The Vanderbilt Mouse Metabolic Phenotyping Center (VMMPC) was founded in 2001 to advance medical and biological research by providing the scientific community with standardized, high quality phenotyping services for mouse models of diabetes, diabetic complications, and obesity. The VMMPC consists of five cores. The Administrative Core provides scientific, financial, and administrative leadership. This Core also oversees service requests, data management, and tracks mice studied at the VMMPC. The Administrative Core is also responsible for the VMMPC educational program. The Animal Health and Welfare Core evaluates mice submitted to the VMMPC, oversees the health and welfare of the colony, and ensures compliance with regulatory bodies and MMPC guidelines. Services provided by the Metabolic Pathophysiology Core (MPC) emphasize methodology to study energy balance, insulin action, hormone secretion, and metabolism in the conscious, unstressed mouse. The MPC also has the capacity to assess organ or islet function in isolation and can apply state-of-the-art imaging techniques. The Cardiovascular Pathophysiology and Complications Core has a range of tests to study cardiovascular disease and other complications of diabetes. The Analytical Resources Core receives samples generated from VMMPC testing and from experiments conducted outside the VMMPC. Analyses performed by this core are specific to the mouse and are scaled to accommodate small sample volumes. The VMMPC exists because of the insight of leadership at the NIDDK, a generous commitment of space and resources from VUMC, and a well-conceived infrastructure. But the main reason the VMMPC works as well as it does is the people that comprise it. This NIDDK experiment in mouse phenotyping requires a faculty that is willing to make technology that is part of their research lifeline available to the scientific community for no more than the recovery of costs and the knowledge that they are working for a greater good. It requires a staff that is so skilled and committed that scientists are willing to entrust their mice, their research lifelines, with them.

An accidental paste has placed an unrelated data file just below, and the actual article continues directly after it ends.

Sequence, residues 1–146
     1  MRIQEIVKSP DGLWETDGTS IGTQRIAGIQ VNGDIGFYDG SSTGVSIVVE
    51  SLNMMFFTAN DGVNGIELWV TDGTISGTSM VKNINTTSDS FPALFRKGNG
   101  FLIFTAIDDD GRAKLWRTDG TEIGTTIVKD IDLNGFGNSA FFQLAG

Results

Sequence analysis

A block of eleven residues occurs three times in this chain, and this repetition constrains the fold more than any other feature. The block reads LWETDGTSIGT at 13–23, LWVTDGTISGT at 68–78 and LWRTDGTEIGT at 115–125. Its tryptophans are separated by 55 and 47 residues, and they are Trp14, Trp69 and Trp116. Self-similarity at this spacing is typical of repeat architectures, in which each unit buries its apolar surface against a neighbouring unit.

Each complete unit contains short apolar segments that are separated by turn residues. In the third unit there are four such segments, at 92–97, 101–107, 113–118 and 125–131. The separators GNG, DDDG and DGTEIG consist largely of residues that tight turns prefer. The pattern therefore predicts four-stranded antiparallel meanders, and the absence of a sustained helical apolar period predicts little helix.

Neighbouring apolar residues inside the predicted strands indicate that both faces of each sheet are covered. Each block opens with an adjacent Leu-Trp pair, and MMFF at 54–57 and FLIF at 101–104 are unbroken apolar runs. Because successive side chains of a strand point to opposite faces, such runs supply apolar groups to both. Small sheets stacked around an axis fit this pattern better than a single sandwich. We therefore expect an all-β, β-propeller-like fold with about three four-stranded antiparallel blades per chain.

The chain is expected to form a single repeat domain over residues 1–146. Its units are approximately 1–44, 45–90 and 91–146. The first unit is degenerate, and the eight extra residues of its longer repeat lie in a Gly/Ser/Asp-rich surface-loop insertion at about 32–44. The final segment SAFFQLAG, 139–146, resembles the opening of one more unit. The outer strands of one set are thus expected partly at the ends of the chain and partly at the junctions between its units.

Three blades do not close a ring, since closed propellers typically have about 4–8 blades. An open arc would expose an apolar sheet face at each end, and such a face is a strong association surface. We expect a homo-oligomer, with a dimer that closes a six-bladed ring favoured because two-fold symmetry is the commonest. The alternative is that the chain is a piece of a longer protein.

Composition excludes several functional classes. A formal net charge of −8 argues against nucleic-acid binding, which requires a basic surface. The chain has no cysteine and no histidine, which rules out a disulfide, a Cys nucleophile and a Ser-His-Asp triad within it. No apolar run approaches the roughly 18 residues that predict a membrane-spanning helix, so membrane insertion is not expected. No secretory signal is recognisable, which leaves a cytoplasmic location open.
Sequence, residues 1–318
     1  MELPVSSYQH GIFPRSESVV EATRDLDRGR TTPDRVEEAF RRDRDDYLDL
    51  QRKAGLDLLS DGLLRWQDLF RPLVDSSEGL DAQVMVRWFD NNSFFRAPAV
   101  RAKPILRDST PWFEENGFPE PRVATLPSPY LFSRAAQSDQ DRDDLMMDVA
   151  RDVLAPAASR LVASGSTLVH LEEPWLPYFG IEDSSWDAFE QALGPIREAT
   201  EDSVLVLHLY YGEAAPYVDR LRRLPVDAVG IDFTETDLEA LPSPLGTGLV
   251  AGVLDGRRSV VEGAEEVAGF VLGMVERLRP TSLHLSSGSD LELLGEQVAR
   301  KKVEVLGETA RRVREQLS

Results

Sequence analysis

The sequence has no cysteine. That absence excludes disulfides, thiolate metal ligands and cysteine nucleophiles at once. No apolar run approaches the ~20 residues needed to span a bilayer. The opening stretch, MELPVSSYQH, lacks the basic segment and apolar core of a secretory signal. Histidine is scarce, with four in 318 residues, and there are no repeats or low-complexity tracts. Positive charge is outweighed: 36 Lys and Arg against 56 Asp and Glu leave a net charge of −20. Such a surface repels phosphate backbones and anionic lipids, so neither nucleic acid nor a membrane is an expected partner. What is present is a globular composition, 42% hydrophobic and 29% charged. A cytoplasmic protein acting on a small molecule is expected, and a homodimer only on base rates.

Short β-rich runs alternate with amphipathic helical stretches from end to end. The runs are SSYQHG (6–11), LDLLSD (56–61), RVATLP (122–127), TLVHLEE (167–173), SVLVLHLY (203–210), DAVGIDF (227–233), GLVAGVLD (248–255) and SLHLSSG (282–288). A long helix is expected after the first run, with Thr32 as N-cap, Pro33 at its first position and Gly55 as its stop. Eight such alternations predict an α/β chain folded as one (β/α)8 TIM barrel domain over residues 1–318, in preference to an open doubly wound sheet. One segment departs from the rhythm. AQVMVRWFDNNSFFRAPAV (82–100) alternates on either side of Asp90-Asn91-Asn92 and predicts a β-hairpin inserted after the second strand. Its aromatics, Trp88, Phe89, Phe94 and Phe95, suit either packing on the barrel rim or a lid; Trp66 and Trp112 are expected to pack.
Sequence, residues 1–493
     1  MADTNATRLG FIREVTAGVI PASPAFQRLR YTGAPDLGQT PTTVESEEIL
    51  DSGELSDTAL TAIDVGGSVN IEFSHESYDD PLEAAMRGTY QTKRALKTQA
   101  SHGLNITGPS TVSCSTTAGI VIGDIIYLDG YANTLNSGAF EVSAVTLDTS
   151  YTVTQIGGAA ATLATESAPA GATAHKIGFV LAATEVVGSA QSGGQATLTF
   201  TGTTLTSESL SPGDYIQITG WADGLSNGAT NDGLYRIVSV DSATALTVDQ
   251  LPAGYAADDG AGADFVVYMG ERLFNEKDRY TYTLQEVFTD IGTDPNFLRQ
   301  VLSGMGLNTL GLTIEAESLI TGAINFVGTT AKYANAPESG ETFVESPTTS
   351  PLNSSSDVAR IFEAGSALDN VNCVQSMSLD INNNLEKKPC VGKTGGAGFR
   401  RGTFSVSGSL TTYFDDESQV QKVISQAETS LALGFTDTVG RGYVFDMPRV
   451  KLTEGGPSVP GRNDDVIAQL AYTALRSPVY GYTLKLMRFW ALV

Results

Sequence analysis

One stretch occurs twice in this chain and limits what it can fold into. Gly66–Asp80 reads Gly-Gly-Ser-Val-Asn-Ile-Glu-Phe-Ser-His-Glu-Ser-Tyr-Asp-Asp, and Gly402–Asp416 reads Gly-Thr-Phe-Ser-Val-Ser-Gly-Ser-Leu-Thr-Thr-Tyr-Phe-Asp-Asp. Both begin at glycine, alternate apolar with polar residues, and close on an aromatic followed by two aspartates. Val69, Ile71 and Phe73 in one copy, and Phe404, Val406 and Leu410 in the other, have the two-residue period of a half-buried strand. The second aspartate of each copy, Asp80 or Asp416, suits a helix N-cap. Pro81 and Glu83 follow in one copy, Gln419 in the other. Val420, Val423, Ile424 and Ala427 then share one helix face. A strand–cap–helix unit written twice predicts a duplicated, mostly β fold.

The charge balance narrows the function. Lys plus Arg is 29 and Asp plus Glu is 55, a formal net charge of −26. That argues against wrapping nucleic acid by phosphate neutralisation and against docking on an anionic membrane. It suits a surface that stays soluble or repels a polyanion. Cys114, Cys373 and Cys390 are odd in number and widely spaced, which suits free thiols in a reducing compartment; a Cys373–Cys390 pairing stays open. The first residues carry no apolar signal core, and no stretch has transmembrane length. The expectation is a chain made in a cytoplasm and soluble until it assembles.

National Institute of Health (NIH)
National Institute of Diabetes and Digestive and Kidney Diseases (NIDDK)
Resource-Related Research Projects--Cooperative Agreements (U24)
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Abraham, Kristin M
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Vanderbilt University Medical Center
Schools of Medicine
United States
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